US Hypocrisy on Trade
Do you remember when America was called the leader of the Free World? It seems like so long ago. Now the USA is the leader of the protectionist world, the very opposite of free, at least where international commerce is concerned.
This is the unavoidable conclusion of having closely watched the role of the UN World Summit 2002, held in Johannesburg, South Africa, August 26–September 4. The result of the international conference (the biggest ever held) was the adoption of a new statement on "sustainable development," a phrase that can mean just about anything but usually has something to do with government control of markets.
However, if there is one area of commerce where nearly all concerned agree that free trade will do the most for those in underdeveloped countries, for the poor that is, it is farming. That is what the poor do abroad most of all, and for them to have even the slightest chance at improving their economic circumstances, they need customers. If the market prevailed, they would sell what they produce, much of it to the US, the world's biggest consumer of farm products.
At these summits, representatives from the third world usually come hoping for more foreign aid, which the US should not grant, but also more trade liberalization, which the US should do everything possible to bring about. So what did the government officials, the US delegates to the UN World Summit, of the former "leader of the free world" do in response to this?
Aside from demanding open markets for US exports, US delegates insisted on yielding to the American farm lobby and keeping in place barriers, in the form of high tariffs and subsidies, to prevent the poor from abroad from selling what they produce to consumers in the United States. How can the US insist that the third world needs to take down barriers while also insisting on US rights to keep barriers as high as politically possible?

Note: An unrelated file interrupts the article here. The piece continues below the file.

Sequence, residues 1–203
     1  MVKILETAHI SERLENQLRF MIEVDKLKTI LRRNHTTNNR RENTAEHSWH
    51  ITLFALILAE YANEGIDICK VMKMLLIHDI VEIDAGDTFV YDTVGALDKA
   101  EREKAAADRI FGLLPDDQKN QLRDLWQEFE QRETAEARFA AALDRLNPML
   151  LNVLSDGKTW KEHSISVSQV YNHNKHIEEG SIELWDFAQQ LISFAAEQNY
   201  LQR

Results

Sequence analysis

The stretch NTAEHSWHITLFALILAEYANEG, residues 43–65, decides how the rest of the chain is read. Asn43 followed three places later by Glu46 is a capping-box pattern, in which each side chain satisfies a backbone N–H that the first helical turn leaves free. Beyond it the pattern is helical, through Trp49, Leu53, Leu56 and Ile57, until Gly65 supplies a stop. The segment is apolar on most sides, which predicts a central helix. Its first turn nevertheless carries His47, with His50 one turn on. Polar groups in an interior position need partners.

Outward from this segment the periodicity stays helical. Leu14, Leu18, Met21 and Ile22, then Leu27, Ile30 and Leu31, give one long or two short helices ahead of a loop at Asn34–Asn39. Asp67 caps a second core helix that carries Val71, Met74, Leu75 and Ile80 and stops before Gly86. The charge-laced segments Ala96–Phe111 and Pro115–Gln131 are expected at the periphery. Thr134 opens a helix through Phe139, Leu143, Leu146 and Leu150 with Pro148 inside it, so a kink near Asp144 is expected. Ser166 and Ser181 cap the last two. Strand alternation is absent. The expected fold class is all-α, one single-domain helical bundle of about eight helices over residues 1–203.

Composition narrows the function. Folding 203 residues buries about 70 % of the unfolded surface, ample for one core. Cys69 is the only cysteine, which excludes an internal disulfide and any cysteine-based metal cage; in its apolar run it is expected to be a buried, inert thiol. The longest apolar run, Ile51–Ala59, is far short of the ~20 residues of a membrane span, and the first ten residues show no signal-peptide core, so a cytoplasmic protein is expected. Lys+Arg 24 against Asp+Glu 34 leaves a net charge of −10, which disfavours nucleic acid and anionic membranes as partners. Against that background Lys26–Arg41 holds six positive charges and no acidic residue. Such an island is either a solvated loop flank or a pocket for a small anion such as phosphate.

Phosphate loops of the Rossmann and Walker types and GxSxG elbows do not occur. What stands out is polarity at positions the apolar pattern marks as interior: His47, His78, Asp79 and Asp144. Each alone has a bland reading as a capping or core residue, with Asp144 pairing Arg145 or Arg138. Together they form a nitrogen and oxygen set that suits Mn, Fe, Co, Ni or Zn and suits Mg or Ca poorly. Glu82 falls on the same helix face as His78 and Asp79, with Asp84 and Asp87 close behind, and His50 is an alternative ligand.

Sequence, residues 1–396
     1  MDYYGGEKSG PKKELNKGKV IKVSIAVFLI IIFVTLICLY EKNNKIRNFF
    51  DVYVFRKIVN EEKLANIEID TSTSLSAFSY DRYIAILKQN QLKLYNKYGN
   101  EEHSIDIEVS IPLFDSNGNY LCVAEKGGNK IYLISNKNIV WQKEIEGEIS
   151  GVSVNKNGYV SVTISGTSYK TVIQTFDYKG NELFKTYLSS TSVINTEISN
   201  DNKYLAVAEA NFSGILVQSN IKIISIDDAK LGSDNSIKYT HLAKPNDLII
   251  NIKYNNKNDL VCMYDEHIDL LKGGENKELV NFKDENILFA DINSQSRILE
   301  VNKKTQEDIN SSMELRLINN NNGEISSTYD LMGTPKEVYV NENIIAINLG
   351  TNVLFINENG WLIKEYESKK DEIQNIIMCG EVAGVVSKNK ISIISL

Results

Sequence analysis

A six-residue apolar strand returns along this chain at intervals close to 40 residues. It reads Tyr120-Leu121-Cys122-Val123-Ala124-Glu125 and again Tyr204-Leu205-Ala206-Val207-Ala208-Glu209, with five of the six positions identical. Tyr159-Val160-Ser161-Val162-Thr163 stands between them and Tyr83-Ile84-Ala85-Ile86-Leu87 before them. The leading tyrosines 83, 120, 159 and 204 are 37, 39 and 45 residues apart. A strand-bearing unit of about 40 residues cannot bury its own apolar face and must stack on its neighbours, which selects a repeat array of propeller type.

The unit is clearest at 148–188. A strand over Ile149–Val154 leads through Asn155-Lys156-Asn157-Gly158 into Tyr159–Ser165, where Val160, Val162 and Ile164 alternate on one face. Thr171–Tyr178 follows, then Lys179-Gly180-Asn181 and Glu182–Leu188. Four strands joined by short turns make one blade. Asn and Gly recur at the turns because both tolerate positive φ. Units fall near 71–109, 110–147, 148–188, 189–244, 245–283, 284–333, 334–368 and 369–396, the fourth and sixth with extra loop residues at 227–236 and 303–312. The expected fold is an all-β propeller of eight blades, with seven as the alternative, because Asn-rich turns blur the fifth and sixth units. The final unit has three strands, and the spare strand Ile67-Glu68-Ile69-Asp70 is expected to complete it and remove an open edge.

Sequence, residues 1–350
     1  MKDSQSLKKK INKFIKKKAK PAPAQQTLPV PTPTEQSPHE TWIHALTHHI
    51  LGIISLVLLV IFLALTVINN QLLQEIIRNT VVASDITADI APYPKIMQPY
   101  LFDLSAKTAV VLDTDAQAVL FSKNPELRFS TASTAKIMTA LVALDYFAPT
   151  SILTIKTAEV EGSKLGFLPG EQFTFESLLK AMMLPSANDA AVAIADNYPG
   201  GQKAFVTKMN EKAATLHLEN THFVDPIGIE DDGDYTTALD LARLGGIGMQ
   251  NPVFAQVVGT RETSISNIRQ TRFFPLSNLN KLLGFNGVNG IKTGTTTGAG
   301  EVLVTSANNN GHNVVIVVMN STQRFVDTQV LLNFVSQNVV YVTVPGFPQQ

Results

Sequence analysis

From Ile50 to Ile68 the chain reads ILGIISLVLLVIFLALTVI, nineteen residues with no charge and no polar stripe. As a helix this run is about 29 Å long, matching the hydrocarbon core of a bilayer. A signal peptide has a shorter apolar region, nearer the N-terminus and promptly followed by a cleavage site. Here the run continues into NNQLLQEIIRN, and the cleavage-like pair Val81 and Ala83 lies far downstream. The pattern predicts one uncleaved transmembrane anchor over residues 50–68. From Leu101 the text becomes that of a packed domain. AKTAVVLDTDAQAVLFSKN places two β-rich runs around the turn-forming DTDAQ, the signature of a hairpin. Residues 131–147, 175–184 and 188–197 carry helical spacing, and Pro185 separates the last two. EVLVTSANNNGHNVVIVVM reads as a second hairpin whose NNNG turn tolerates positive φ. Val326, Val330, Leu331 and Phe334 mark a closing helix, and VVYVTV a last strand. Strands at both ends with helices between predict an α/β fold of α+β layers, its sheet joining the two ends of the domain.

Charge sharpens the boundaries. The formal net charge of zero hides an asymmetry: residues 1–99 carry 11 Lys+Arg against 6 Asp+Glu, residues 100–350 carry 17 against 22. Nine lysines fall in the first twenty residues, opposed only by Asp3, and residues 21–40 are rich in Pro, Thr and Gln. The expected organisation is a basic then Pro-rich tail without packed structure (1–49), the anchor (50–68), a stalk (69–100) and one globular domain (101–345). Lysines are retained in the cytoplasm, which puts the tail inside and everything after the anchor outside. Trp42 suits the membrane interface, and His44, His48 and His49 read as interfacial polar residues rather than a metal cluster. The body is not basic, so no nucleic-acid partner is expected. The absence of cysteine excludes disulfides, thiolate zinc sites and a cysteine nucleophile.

US officials offered one of the most vicious, most insidious hurdles to people seeking to make headway toward prosperity, namely, the erection of trade barriers by means of politics. They do not want to compete by producing better stuff, at lower prices, no. They want to get ahead by bribing the referees and getting special favors from them at the clear expense of others, indeed, those in most desperate straits.
Suppose you opened a cafe and some who owned others in the neighborhood noticed that you are selling your wares at a lower price than they do. Maybe you are willing to gain lower profits, maybe you are willing to work harder, maybe you can afford to do this for some other reason. But you are not stealing from anyone, only asking fewer dollars from your costumers for what you do for them.
Would it be the right thing for those with whom you are competing to place a huge rock in front of your shop so people couldn't enter it? Would it be OK for them to lobby city hall so they put various official or physical obstacles in front of your place so people cannot approach your shop? Would it be OK for these "competitors" to break your legs so you couldn't get to work?
American farmers who insist on stopping overseas competitors from selling their produce in the US are no better than those who would try to stop the cafe owner from doing business. They are hoods, no better than the Mafia, even if it is perfectly legal for them to do this. It was, after all, perfectly legal for people to turn in their competitors in the Third Reich for being Jewish, thus running them out of business by getting them killed and gaining costumers for themselves in the process. And placing barriers before farmers from Africa or anywhere else is really no different from such immoral, albeit formerly legal, tactics.
Here, sadly, is another sign of how perverse the United States has become over the last several decades. And it is especially bizarre that these policies are flourishing under the watch of George W. Bush, who was supposed to be different from Al Gore in favoring the principles of the free market. By now, however, Gore and former President Bill Clinton are beginning to look like champions of at least international free trade, of, indeed, capitalism itself! What irony.
What we now have is a bunch of right-wing mercantilists and protectionists, no better than Pat Buchanan would be if he were elected.. And in this case the stakes are not just about preserving human liberty in the economic realm but also about making some effort to do right by the struggling poor of the globe.
Here is an instance where freedom's value is clear to nearly everyone: free trade helps alleviate misery and poverty. But where does the Bush team come down on the issue? In favor of helping, through rank coercion, the people who want to remain solvent by violating the rules of free trade, by insisting on remaining in business via extortion and bribery. It is difficult these days to remain a loyal American.
Tibor Machan, adjunct scholar of the Mises Institute, teaches at the Argyros School of Business and Economics at Chapman University. You may send him MAIL and view his Mises.org Daily Articles Archive.